"tending to hinder," 1640s, from retard (v.) + -ant or from Latin retardantem (nominative retardans), present participle of retardare. From 1867 as a noun, "retardant substance, substance that inhibits some phenomenon or process."
late 15c., retarden, "make slow or slower; keep back, hinder, delay" (transitive), from French retarder "restrain, hold (someone) back, keep (someone from doing something); come to a stop" (13c.) and directly from Latin retardare "make slow, delay, keep back, hinder" (see retardation). Related: Retarded; retarding. The intransitive sense of "be delayed" is from 1640s.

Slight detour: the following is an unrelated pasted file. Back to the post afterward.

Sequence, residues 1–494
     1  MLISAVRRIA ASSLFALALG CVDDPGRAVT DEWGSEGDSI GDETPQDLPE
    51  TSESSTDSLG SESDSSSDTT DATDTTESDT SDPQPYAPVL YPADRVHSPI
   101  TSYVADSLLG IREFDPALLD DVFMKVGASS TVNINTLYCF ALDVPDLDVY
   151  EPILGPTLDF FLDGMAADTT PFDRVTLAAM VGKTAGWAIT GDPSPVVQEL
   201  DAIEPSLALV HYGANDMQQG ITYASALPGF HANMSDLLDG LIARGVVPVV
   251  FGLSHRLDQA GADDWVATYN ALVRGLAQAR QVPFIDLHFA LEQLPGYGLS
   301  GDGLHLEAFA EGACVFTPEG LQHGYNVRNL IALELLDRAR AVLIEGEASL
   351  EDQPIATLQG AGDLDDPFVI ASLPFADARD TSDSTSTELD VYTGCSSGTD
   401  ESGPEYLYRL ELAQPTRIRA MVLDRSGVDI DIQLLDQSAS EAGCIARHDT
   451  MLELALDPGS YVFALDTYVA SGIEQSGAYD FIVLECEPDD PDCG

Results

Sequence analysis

The noun retard is recorded from 1788 in the sense "retardation, delay;" from 1970 in the offensive meaning "retarded person," originally American English, with accent on first syllable. Other words used for "one who is mentally retarded" include retardate (1956, from Latin retardatus), and U.S. newspapers 1950s-60s often used retardee (1950).